Lipids are major structural components of biomembranes. Negatively charged species such as phosphatidylinositol, phosphatidylserine, sulfatides, and the zwitterionic phosphatidylethanolamines are major components of the cytoplasmic surface of the cellular membrane lipid bilayer and play a key role in several receptors signaling functions. Lipids are not just involved in metabolic and neurological diseases; negatively charged lipids in particular play crucial roles in physiological events such as signal transduction, receptors, and enzymatic activation, as well as storage and release of therapeutic drugs and toxic chemicals in the body. Due to the importance of their role in signaling, the field of lipidomics has rapidly expanded in recent years. In the present study, direct probing of tissue slices with negative ion mode matrix assisted laser desorption/ionization mass spectrometry was employed to profile the distribution of lipids in the brain. In total, 32 lipid species consisting of phosphatidylethanolamines, phosphatidylglycerol, phosphatidylinositols, phosphatidylserines, and sulfatides were assigned. To confirm the structure of lipid species, MALDI-MS/MS analysis was conducted. Product-ion spectra obtained in negative ion mode allow for the assignment of the head groups and the fatty acid chains for the lipid species.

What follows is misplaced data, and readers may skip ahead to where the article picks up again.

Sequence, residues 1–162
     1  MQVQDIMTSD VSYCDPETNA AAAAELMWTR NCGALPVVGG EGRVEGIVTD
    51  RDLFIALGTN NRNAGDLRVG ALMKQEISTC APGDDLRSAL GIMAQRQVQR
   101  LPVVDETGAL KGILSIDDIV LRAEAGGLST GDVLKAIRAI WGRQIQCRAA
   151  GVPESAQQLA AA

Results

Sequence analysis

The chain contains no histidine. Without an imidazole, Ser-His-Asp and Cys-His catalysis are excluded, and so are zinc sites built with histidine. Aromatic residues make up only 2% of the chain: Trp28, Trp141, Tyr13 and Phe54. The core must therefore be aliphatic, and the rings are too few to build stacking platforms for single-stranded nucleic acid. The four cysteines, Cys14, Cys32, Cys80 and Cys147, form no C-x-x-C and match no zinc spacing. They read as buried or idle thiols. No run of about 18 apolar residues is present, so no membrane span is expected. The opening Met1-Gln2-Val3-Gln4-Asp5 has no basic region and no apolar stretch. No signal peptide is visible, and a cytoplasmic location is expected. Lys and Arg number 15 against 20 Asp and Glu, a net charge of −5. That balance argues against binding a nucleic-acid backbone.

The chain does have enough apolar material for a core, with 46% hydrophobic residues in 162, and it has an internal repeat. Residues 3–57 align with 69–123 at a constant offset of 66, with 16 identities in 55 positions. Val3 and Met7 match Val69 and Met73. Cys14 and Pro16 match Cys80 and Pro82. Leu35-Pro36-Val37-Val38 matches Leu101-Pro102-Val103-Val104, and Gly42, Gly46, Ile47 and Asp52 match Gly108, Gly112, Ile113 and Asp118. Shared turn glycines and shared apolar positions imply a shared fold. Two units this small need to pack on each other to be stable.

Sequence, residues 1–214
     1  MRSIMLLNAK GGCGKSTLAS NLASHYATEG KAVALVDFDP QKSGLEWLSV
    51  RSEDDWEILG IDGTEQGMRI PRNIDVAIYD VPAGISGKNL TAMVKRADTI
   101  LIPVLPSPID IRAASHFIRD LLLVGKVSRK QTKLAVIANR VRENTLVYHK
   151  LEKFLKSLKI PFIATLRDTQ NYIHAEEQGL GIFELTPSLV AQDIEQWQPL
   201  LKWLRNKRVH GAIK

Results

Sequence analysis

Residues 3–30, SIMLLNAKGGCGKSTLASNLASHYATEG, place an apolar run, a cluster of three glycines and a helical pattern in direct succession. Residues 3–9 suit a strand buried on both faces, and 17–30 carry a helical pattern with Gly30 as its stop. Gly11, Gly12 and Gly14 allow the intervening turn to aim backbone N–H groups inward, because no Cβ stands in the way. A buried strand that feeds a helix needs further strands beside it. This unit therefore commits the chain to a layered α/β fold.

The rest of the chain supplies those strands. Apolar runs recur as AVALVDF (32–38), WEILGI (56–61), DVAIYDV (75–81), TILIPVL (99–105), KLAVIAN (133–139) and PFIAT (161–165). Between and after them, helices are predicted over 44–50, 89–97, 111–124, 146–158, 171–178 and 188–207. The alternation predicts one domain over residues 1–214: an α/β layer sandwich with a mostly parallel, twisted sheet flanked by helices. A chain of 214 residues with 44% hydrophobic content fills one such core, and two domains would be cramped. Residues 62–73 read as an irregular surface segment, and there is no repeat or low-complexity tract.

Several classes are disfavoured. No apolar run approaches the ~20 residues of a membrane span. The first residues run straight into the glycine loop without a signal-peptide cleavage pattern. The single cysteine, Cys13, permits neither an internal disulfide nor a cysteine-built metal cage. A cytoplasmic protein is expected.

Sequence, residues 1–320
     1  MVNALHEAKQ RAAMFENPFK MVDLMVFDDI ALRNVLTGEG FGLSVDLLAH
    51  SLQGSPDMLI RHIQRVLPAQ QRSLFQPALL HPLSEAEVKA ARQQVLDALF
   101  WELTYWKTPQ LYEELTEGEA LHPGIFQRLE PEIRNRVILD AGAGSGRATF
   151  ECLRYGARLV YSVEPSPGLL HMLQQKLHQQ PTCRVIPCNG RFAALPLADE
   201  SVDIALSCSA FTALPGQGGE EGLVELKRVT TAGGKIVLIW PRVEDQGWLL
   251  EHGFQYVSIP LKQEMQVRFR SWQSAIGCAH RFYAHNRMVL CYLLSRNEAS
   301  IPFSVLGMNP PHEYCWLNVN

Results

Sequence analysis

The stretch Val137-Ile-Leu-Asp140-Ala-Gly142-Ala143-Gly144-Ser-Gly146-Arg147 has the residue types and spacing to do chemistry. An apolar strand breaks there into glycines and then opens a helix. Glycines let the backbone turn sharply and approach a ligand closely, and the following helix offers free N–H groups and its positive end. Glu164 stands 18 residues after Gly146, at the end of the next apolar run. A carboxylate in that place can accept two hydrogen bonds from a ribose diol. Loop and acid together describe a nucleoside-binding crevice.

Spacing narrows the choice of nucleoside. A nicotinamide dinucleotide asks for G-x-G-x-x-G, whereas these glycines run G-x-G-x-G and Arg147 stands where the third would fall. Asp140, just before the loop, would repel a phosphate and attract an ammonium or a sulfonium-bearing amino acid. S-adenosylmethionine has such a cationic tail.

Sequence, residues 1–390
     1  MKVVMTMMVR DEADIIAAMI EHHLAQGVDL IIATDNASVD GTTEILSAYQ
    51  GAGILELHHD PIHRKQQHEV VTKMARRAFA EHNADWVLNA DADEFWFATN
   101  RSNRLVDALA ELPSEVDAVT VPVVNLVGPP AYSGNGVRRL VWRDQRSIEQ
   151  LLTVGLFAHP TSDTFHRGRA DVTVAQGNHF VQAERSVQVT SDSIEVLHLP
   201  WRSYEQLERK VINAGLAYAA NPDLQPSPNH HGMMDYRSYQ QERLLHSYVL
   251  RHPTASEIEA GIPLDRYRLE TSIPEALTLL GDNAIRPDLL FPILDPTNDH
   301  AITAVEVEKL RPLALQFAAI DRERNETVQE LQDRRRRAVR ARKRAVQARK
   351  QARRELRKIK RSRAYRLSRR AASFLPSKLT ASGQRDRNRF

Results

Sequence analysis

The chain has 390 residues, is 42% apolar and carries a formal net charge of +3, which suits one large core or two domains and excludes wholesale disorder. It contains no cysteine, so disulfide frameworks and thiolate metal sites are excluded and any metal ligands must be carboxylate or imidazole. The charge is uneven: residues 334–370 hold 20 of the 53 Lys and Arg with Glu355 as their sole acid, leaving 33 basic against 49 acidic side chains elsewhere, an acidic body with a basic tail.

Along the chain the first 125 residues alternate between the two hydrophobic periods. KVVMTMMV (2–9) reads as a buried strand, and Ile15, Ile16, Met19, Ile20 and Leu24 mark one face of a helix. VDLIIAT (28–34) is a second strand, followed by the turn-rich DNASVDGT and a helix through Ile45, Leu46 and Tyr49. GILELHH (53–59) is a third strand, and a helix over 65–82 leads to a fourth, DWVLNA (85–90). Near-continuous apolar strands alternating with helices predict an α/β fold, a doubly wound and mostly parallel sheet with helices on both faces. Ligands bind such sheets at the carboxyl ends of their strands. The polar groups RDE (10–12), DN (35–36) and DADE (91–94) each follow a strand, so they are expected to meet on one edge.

|Original language||English (US)|
|Number of pages||10|
|Journal||Journal of the American Society for Mass Spectrometry|
|State||Published - Jan 2007|
ASJC Scopus subject areas
- Structural Biology